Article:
- We call the pot of money from which you start or expand your business the s
ource of funds
- . This is in effect a breakdown of the total start up costs identified in the previous activity split across the various sources you are likely to be using. Your source of funds is not just the actual cash money you have available to you – but also the major physical assets the business possesses (machinery, vehicles etc) and any loans, grants, investments or lines of credit you will be using.
- Traditional financial support
- Non-traditional financial support
- Personal investment
1. Traditional financial supportMost established businesses, who receive financial support, do so from a bank or credit union. This may be in the form of a formal business loan or a line of credit.
2. Non-traditional financial supportLess established or new businesses may apply to a less-traditional lender such as a government sponsored not-for-profit organisation whose specific role is to lend money to business start-ups.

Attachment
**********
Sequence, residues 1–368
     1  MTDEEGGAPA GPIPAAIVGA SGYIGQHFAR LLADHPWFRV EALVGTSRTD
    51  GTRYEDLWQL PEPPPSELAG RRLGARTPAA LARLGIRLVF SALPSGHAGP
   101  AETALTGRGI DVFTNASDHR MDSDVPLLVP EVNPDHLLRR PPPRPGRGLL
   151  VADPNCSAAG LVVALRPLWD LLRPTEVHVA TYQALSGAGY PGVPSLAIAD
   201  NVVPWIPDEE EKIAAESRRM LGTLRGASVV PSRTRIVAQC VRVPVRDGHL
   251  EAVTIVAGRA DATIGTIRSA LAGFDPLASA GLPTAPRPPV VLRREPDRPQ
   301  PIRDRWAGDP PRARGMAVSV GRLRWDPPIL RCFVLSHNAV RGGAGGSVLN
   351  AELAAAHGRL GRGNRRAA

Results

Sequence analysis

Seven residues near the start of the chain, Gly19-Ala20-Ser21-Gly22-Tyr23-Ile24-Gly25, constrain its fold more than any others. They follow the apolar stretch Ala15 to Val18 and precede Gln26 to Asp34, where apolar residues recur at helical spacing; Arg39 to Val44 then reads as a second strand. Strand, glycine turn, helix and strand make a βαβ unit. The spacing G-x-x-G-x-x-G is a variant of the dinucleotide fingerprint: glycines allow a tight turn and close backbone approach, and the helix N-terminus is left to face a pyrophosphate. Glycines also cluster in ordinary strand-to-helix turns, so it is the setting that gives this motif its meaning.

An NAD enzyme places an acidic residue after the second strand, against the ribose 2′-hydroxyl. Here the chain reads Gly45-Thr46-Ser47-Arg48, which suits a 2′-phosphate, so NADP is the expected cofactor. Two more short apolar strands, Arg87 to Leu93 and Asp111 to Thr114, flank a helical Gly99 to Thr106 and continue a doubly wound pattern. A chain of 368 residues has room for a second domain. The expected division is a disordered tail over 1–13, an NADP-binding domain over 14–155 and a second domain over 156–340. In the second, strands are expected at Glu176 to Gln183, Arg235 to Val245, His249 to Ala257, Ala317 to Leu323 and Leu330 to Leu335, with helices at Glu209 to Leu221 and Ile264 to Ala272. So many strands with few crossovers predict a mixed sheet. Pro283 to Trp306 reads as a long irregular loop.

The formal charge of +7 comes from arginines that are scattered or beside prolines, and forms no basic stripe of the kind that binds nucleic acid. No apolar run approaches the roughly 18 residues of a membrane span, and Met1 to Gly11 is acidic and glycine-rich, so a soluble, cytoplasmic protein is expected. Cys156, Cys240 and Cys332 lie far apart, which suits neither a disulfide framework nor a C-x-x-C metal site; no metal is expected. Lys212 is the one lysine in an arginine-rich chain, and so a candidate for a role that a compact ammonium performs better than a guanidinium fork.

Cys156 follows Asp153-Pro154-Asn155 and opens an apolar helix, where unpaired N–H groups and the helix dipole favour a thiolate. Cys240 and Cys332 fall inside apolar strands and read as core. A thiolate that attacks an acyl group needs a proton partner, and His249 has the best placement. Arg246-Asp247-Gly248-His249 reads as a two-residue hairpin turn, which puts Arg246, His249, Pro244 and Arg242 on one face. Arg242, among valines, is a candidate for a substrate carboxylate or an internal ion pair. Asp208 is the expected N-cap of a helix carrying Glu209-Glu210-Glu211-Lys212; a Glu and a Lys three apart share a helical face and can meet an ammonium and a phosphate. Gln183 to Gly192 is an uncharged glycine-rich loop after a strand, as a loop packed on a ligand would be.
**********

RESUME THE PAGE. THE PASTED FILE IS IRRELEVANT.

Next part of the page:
3. Personal investmentWhether borrowing from a traditional or less-traditional financial organisation, any lender will expect to see that you have invested, or plan to invest, some personal funds and/or equipment into your business, so this category is divided into cash and assets. Assets are those big pieces of equipment that hold their value relatively well and potentially will provide some security to a lender ie vehicles, machinery, new computers. Assets in this breakdown should be directly related to your business.
4. OtherIn this category you should specify any other sources of funds which are available to you. This may include a lump-sum investment from a third party (partner or relative) for example or a grant. It should not include income from another source (ie an additional job). Again, it must be related to your business.
Case Study ExampleHere’s an example from Mike: It’s time to create your own Source of Funds breakdown. Complete the table in the worksheet or in your own notes.